Published date: July 7, 2021. 21:45
Part of keeping your staff and yourself happy involves offering certain perks or benefits, perhaps covering sports costs and organizing company events. If you go to client meetings or dinners, this also incurs a cost for the company. Under Estonian rules, however, expenses which are also for the benefit of the employee must almost always be taxed as fringe benefits. For the purposes of fringe benefit taxation, the concept of “employee” has a broad definition. In addition to employees working under an employment contract, it also includes management board members and immediate family members of employees and management board members. In addition, individuals providing services for more than 6 months as well as individuals working under other types of agreement provided by the Law of Obligations Act are considered employees for the purpose of fringe benefit taxation.
Technically, fringe benefits are any goods, services or monetarily appraisable benefits which are given to an employee (as understood above) in connection with an employment or service relationship.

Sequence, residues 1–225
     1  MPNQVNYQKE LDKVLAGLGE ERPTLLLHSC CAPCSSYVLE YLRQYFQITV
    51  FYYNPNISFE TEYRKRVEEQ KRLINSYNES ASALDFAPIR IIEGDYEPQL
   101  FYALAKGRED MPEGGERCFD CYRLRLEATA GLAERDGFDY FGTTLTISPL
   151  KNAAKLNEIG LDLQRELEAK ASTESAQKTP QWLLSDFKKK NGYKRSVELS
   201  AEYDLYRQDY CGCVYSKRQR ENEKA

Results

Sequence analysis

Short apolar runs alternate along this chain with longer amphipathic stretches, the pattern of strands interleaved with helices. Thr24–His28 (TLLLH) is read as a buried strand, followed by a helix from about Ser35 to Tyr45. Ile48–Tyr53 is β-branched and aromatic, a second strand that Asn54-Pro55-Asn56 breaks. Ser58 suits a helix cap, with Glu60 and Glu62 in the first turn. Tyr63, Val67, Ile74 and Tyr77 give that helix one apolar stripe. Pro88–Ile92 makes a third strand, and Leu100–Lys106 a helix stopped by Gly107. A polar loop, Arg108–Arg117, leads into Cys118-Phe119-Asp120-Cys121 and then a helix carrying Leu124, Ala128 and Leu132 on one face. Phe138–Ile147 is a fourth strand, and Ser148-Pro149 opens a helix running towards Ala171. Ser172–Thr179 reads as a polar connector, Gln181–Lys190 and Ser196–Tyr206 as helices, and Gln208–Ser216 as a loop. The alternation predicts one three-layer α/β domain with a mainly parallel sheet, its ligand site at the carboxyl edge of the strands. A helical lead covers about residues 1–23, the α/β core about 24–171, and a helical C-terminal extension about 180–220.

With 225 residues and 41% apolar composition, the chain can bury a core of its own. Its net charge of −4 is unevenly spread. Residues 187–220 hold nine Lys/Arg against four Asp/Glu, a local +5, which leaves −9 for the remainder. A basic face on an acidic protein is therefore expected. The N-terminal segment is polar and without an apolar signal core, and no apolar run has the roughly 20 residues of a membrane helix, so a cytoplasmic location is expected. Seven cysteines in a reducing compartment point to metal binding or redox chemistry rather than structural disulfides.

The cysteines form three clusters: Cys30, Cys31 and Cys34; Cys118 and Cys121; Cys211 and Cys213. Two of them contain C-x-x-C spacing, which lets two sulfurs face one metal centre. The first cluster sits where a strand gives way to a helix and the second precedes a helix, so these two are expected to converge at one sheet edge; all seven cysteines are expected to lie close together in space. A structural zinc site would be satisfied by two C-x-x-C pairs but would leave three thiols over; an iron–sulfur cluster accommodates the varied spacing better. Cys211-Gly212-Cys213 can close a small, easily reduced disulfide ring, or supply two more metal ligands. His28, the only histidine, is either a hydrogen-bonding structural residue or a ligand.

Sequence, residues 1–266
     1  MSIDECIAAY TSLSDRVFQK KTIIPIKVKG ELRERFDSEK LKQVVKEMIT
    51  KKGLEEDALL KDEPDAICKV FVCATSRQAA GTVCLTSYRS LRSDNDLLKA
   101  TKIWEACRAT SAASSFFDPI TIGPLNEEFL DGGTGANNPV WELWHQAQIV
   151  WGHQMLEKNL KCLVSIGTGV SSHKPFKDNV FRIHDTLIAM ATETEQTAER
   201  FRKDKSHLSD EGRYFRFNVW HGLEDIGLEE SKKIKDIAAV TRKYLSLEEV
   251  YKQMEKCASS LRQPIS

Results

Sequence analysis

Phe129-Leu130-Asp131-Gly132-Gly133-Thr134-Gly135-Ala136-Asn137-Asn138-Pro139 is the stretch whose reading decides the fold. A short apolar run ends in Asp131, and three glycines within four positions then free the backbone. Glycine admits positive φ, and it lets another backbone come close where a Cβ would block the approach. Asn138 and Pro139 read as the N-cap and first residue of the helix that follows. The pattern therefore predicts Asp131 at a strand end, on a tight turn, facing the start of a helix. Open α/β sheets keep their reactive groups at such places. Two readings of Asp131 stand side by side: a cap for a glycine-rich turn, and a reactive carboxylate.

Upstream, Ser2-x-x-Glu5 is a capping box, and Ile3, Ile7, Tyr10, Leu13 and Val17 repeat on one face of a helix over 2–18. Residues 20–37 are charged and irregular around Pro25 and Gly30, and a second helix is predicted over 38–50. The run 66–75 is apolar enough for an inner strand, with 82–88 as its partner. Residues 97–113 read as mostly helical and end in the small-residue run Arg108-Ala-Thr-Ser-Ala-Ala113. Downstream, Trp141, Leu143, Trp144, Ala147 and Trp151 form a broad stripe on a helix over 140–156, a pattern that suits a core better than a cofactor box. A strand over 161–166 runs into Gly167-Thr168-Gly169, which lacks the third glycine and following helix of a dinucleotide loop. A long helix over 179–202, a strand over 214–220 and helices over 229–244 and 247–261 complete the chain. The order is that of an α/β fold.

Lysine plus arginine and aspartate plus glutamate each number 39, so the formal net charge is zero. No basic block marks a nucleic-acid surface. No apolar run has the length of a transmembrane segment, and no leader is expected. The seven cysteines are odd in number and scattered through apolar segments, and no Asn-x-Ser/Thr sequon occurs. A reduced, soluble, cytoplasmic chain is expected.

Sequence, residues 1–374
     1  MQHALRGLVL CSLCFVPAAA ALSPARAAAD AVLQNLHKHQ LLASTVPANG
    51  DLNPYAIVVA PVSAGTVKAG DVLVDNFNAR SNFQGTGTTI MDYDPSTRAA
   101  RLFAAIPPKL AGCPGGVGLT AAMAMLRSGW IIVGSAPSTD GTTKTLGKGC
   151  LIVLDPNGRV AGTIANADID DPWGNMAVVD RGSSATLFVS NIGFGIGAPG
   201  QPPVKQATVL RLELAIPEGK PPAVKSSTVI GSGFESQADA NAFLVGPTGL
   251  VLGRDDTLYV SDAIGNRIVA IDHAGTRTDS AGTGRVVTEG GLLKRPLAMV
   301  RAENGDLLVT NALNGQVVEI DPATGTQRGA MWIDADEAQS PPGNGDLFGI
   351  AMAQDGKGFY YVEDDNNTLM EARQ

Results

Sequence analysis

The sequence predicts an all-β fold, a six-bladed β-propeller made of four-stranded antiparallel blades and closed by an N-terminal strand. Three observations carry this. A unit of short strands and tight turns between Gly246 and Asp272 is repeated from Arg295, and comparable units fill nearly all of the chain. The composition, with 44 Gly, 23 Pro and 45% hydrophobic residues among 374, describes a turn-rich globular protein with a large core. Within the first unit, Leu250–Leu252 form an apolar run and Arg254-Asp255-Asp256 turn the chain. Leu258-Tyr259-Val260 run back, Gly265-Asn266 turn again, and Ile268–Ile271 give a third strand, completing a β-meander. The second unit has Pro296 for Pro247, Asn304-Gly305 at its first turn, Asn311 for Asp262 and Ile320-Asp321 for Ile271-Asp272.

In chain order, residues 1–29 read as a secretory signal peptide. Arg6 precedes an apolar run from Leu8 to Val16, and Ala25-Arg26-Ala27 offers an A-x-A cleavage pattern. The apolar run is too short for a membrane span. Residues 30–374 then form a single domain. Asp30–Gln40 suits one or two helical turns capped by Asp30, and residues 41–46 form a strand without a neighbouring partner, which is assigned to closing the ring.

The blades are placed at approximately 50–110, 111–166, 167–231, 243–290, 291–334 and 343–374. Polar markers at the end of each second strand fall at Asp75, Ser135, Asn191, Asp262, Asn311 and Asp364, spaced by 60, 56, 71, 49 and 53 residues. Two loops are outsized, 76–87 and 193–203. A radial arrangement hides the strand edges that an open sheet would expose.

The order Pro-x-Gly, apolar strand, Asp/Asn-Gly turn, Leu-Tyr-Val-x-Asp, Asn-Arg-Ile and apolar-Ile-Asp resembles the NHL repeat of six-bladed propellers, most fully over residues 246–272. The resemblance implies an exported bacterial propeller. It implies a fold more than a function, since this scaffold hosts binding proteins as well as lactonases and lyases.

The law gives some examples of what should always be taxed as fringe benefits:
full or partial covering of housing expenses;
the use of a vehicle or other property of the employer free of charge or at a better price for activities not related to the employer’s business;
payment of insurance premiums, unless such an obligation is prescribed by law;
compensation for use of a private car, insofar as it exceeds limits provided by law;
loans granted with an interest rate below market conditions, except if the interest at the time of the payment is at least twice the interest rate last published under the Law of Obligations Act;
transfer free of charge, or the sale or exchange at a price lower than the market price, of a thing, security, proprietary right or service;
purchase of a thing, security, proprietary right or service at a price higher than the market price;
waiver of a monetary claim, unless the estimated reasonable costs of collecting the monetary claim exceed the claimed amount;
covering of expenses for formal education or in-service training, except if these are directly related to the employment and service relationship and the functions of a member of the management board of a legal person.
Further reading – taxation of fringe benefits
Price of fringe benefit (for example a restaurant dinner) EUR 100
Income tax EUR 25 = 100 x 20/80
Social tax EUR 41.25 = (100 + 25) x 33%
Total cost to employer EUR 166.25 = 100 + 25 + 41.25